GREENVILLE, N.C. (Mar. 31, 2014) – Joyner Library at East Carolina University hosted its third annual Edible Book Festival on Saturday, March 29.
“The Edible Book Festival is held annually internationally around the first of April,” says Eleanor Cook, festival director and assistant director for Discovery and Technology Services. “Joyner Library has partnered with the ECU Youth Arts Festival for the past three years. The Edible Book celebrates books and culinary craftsmanship that draws upon the creativity of community members,” said Cook.
Juried categories included Most Edible, Least Edible, Wittiest, Best in Show/Youth and Adult. This year’s judges were Greenville Banks, Jr and Cecilia Moore-Cobb from the Friends of Joyner Library Board of Directors.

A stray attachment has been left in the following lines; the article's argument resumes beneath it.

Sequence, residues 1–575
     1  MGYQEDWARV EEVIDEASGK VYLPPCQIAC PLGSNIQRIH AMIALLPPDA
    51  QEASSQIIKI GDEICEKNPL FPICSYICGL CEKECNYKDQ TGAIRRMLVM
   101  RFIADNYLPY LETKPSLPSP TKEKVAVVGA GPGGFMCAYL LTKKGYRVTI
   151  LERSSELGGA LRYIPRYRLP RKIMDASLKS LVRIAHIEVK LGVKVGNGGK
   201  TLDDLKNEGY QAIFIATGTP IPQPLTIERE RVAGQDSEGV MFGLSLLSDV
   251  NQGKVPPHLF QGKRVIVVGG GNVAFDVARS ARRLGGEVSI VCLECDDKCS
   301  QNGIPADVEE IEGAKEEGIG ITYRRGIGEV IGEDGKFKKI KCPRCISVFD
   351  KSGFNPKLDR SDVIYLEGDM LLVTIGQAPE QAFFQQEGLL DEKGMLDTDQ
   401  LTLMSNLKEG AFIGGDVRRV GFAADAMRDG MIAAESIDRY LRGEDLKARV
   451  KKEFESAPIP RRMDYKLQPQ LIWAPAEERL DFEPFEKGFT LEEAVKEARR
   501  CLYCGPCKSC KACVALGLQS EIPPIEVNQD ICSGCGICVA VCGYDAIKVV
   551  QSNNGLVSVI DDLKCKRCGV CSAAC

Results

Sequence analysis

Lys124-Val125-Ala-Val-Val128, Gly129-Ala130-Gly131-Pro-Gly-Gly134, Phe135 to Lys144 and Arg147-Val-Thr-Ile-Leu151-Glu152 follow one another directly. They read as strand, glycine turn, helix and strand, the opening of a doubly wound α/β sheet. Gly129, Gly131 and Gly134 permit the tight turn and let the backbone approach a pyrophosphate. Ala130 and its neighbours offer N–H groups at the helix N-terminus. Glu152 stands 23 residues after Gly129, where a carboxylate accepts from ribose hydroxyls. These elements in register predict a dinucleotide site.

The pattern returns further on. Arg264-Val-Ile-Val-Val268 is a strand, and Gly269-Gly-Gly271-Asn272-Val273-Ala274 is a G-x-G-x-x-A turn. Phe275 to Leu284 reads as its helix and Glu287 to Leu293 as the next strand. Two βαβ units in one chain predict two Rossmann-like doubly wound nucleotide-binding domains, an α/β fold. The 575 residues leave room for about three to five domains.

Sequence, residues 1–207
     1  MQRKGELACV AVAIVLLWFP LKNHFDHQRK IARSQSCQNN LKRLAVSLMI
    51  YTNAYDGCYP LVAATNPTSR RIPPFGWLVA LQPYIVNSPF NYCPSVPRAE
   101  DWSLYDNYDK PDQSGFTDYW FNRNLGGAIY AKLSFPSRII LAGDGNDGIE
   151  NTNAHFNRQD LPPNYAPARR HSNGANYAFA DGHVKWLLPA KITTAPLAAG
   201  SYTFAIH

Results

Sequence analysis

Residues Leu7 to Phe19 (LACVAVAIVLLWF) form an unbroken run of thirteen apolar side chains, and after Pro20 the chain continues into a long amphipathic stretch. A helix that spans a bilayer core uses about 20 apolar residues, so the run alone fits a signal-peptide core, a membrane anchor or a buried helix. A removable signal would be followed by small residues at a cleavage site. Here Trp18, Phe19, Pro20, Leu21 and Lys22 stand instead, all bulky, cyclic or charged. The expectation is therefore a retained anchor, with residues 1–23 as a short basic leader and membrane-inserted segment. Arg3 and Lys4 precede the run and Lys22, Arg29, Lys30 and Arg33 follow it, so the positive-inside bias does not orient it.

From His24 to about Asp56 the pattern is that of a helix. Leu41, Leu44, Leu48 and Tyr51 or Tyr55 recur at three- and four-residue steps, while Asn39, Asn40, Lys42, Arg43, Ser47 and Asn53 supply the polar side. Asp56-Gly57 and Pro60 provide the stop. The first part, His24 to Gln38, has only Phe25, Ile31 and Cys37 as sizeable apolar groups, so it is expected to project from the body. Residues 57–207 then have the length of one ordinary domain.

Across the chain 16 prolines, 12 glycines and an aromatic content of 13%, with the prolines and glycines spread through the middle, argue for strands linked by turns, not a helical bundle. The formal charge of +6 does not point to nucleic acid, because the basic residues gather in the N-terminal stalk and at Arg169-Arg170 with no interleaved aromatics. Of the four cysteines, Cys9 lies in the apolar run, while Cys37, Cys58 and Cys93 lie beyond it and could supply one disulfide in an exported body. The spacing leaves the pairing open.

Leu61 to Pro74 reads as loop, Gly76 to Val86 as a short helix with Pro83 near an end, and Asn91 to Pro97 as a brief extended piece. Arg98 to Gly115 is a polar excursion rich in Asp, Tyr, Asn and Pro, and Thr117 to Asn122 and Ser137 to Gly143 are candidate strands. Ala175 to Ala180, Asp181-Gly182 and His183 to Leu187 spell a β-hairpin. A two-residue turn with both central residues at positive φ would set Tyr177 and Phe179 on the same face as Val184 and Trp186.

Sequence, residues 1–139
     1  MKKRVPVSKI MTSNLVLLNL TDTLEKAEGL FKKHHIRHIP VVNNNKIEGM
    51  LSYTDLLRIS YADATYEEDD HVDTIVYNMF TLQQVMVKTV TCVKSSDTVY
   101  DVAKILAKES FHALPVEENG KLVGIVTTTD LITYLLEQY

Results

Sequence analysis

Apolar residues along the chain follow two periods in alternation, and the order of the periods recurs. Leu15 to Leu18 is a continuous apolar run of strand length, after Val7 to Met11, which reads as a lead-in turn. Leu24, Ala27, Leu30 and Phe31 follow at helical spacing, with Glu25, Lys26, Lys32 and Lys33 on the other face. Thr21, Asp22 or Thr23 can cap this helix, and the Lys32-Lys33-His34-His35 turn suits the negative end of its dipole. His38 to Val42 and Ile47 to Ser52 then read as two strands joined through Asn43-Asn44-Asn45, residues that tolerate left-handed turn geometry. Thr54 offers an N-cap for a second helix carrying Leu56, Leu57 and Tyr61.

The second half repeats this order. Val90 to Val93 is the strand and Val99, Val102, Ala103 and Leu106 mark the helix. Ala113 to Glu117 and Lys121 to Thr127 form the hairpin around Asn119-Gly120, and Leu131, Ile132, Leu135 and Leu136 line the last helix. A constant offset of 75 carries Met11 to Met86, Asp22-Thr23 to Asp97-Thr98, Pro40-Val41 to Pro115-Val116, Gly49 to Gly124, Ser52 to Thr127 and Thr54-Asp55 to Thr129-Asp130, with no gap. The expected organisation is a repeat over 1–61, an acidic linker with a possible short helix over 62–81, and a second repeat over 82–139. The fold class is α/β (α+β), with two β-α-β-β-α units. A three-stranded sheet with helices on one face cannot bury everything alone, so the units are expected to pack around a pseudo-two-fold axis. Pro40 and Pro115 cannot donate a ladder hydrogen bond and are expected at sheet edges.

The silent auction featured professional cakes donated by Aramark/ECU and Lowe’s Foods. “Proceeds of more than $100 from the silent auction and other voluntary donations received during the event benefit the Joyner Library Preservation & Conservation fund,” says Lisa Barricella, department head of Monographic Acquisitions & Preservation/Conservation. “This fund helps to support the purchase of equipment and materials used in Joyner’s conservation labs where technicians conserve books, documents, manuscripts and photographs for long-term access,” said Barricella.
- Most Edible: “Horton Hears a Who!” by Dr. Seuss. Makayla Gilland (Youth entry)
- Least Edible: “Fish! Tales” by Stephen Lundin et al. Gloria Bradshaw
- Wittiest: “Cold Mountain” (Dew) by Charles Frazier. Stephanie Hedgepeth
- Best in Show/Youth: “Little House on the Prairie” by Laura Ingalls Wilder. Walker Bixby
- Best in Show/Adult: “Swiss (Cheese) Family Robinson” by Johann David Wyss. Wesley Dills
Winners each received a handcrafted notebook, winner’s ribbon, and a gift certificate. Photos of entries may be viewed at https://www.ecu.edu/cs-lib/techsrv/edibleabout.cfmMost Edible winner Makayla Gilland
For information on this project or Joyner Library, contact Dawn Wainwright at 252.328.4090 or email@example.com